story by Homma Rafi
Director of Communications, School of Public Health
ATLANTA—The National Institutes of Health (NIH) has awarded an interdisciplinary team in Georgia State University’s School of Public Health a two-year, $1.3 million grant through its RADx Underserved Populations (RADx-UP) program to better understand barriers and motivations for participating in COVID-19 research among Black communities in Atlanta.
The team will examine what kinds of things preclude people from participating in COVID-19 serostudies, which survey a large number of people for the presence of the SARS-CoV-2 antibody through a minimally invasive test, such as a finger prick.
“Unfortunately, Black persons and other racial/ethnic minorities are less likely than white persons to participate in such studies,” said Dr. Heather Bradley, the principal investigator of the project and assistant professor of epidemiology in the School of Public Health.
Historic distrust of medical research participation among Black people is well-documented. Barriers to participation, such as distrust, lack of perceived benefits and racism exacerbated by the U.S. political climate, are unknown.
Black people account for 20 percent of diagnosed SARS-CoV-2 infections and 22 percent of associated deaths nationally, while representing only 13 percent of the U.S. population. Because SARS-CoV-2 testing is limited among minority populations, infections in Black communities are less likely to be diagnosed relative to infections among white persons. The lack of data makes it difficult to know the extent of how COVID-19 disproportionately affects Black populations in the nation.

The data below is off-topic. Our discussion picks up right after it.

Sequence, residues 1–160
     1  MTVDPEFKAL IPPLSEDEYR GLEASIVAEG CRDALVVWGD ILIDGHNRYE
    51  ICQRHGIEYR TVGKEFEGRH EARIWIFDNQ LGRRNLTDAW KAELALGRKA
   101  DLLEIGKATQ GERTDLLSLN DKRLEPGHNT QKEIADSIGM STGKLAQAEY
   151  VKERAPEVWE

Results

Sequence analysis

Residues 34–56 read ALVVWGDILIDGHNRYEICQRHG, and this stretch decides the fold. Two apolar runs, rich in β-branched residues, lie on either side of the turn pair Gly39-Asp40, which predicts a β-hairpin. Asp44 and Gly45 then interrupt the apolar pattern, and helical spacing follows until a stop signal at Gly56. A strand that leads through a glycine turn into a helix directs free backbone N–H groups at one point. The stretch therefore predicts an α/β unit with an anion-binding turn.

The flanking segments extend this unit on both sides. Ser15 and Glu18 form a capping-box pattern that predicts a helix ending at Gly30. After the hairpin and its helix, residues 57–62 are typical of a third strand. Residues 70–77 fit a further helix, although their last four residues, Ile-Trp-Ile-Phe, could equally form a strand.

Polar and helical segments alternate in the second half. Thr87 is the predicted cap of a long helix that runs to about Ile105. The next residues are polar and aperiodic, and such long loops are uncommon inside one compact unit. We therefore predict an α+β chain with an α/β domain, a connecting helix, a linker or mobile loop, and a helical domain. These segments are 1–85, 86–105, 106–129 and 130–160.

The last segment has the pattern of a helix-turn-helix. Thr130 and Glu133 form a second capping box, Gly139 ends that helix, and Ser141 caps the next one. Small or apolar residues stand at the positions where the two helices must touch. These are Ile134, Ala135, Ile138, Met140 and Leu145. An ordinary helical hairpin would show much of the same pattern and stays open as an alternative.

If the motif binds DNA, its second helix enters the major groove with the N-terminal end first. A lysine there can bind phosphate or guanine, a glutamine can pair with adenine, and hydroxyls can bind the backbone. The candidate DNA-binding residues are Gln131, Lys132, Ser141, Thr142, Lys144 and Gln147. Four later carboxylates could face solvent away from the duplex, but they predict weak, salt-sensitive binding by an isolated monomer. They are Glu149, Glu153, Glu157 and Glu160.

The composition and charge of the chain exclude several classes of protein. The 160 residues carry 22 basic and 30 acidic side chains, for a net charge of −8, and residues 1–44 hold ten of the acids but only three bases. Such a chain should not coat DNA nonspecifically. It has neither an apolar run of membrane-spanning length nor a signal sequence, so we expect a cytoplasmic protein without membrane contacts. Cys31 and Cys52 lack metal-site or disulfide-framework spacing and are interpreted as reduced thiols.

“By better understanding barriers and motivations for participation, we hope to make COVID-19 research more inclusive of Black communities,” Bradley said. “Increasing representation is critical to improving the acceptability and effectiveness of other public health strategies, such as vaccine rollout, for minority communities with the highest risk.”
A community advisory board composed of leaders from professional, faith-based and health organizations serving Black communities in Atlanta will provide culturally relevant guidance on the project.
The NIH’s RADx-UP program aims to better understand COVID-19 testing patterns among underserved and vulnerable populations, strengthen the data on disparities in infection rates, disease progression and outcomes, and develop strategies to reduce the disparities in COVID-19 testing. It is a part of the agency’s broader Rapid Acceleration of Diagnostics (RADx) initiative. Georgia State is one of 55 institutions that received an NIH award through the RADx-UP program to support projects to rapidly implement COVID-19 testing strategies in populations disproportionately affected by the pandemic.
The co-principal investigators of the study are Dr. Richard Rothenberg, an infectious disease expert and Regents’ Professor in the Department of Population Health Sciences; Dr. Dennis Reidy, assistant professor in the Department of Health Policy & Behavioral Sciences; and Dr. Veronica Newton, assistant professor in the Department of Sociology. The team includes Dázon Dixon Diallo, the founder and president of SisterLove, Inc., and Herschel Smith, a Ph.D. student in the School of Public Health.
Department of Population Health Sciences
School of Public Health
Heather Bradley is an epidemiologist whose main research interests include HIV prevention and treatment outcomes, surveillance methodology, and the intersection of infectious diseases with the U.S. opioid epidemic. Prior to joining the faculty at Georgia State, Dr. Bradley worked for the Centers for Disease Control and Prevention in various divisions, including the Division of HIV/AIDS Prevention and the Division of STD Prevention.